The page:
FPV: My Experience and kit list (with links)

Hi All,

I was part of a thread on here the other day about an FPV package drone and it got me thinking other than the ready to fly kits usually small whoop drones it is quite a tricky task on how to start FPV so I thought that I would share my experience in venturing into FPV from a complete beginner perspective along with a list of the kit I purchased to get me started along with the cost and a link of where to get it here in the UK.

After watching countless youtube videos and reading recommendations from @Wyntrblue FPV Guide I purchased my Radiomaster TX16s and battery at a total cost of £140.21 including shipping. I chose this radio for 2 reasons 1) it is compatible with a Simulator as it has a USB C port on the top of it to connect to a PC and 2) it will grow with me into the hobby but also will be easily sellable if I found that FPV wasn’t for me.

The next thing that I purchased was a simulator and after watching more youtube videos I opted for velocidrone I used youtube to setup my TX16s with the sim and spent several hours playing with the sticks and getting used to the feel of the drones in the sim.

Next I purchased a set of goggles I opted for a set of Fat Shark Scouts at a cost of £202.92 including shipping a very good set of goggles, really small profile for a box goggle and again pretty easy to sell on if I didn’t like it. I did purchase a set of leads from amazon so that I can connect them to my PC and use them with the simulator but I really didn’t use it much so I won’t bother linking them but if anybody wants the links for them just ask.

Next I purchased a tinywhoop drone the Eachine US65 DE65 PRO from Banggood at cost of £82.93 Banggood has some crazy coupon that saved me a couple of quid. I flew this around the house and my work place to start with it was almost impossible to control but after watching one of Joshua Bardwells videos on whoop style drones I used beta flight to add a 50% scaled throttle and this made it much more manageable.

Next up I wanted to get myself out of the house and outdoors, worrying that my flying skills still wasn’t up to a good standard I didn’t want to jump straight into a full 5inch drone and end up killing myself or somebody else so I opted for the Tinyhawk Freestyle 2 at a cost of £104.87 including shipping. This drone is fantastic for beginners as it fly’s just like a 5inch drone (Or so I am told as I haven’t flown a full size 5inch quad myself yet) but this thing rips and handles the wind extremely well (in acro mode) I had a fly away the very first time I flew this drone. I was only planning on doing a quick up and down flight to check I’d put the props on correctly and the wind took it and because it was in angle mode I didn’t have enough forward pitch to combat the wind so after 40 minutes of searching for my lost tinyhawk I found it and when I got it back home I connected it to beta flight and increased the pitch in angle mode from 30 to 55 so that this won’t happen again. although I’m now flying in acro mode so this no longer matters.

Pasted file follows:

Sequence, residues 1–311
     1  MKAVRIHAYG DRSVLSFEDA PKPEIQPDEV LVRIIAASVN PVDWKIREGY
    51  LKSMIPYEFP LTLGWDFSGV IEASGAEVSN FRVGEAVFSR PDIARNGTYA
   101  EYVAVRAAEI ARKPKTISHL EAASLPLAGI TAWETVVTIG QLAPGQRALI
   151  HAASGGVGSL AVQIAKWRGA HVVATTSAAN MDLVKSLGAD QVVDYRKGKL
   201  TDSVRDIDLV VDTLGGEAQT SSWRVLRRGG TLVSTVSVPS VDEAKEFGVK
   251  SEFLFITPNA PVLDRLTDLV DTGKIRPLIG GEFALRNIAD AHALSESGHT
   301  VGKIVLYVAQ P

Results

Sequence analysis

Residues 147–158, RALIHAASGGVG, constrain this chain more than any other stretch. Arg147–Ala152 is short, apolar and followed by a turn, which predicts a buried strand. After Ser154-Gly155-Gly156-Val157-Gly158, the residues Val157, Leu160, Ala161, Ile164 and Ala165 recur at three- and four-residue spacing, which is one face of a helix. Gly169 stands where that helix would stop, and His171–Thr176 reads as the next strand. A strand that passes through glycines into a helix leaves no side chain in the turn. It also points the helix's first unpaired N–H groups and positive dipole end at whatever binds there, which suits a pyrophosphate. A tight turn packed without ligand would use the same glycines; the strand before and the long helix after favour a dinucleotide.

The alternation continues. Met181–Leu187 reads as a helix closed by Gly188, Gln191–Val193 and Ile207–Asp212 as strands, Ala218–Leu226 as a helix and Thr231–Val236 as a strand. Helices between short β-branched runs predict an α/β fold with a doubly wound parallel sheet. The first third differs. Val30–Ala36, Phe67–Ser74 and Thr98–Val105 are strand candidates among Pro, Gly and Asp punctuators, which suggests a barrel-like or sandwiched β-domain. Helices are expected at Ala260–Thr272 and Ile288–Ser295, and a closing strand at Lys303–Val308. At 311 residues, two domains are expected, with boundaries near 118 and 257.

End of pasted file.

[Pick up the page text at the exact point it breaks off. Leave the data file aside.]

and this is where I am today I currently have an iFlight Nazgul5 V2 on order from banggood as my first full size 5inch drone at a cost of £162.03.

Next on my to buy list will be a Lipo battery charger and some 4s Lipo batteries (Any recommendations would be much appreciated)

And this pretty much wraps up where I am with my FPV venture and a little bit of where it is taking me. If anybody has any questions or needs any advice on any of the kit listed above please feel free to get in touch :slight_smile:
I hope you found this useful in some way I just figured its quite a hard hobby to start out in and it is a minefield of information that is needed to actually get started so I thought that I would share my experience to hopefully help anybody else that is thinking about starting in FPV.

Many Thanks Deano.


Isdt any you like. 4s I like “thefpv” batteries a lot from unmanned tech Ana they are my go to supplier

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Mine too although I find the stock levels always seem pretty low on stuff some times lol but definitely a fantastic company fast and efficient.

Will have a look at the chargers and batteries you reccomend once I get paid, as you can see from above it’s been a pretty expensive couple of months but 100% worth it lol